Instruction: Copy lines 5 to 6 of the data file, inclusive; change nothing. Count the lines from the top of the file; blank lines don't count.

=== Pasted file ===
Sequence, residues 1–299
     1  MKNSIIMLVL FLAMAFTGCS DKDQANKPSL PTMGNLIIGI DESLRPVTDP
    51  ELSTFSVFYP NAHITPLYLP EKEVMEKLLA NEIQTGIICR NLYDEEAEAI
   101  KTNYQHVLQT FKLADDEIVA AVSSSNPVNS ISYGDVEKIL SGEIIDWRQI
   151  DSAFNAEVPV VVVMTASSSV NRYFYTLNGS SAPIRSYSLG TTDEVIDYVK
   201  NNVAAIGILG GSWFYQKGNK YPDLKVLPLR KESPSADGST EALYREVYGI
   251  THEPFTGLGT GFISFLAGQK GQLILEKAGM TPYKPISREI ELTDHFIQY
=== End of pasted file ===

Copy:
   151  DSAFNAEVPV VVVMTASSSV NRYFYTLNGS SAPIRSYSLG TTDEVIDYVK
   201  NNVAAIGILG GSWFYQKGNK YPDLKVLPLR KESPSADGST EALYREVYGI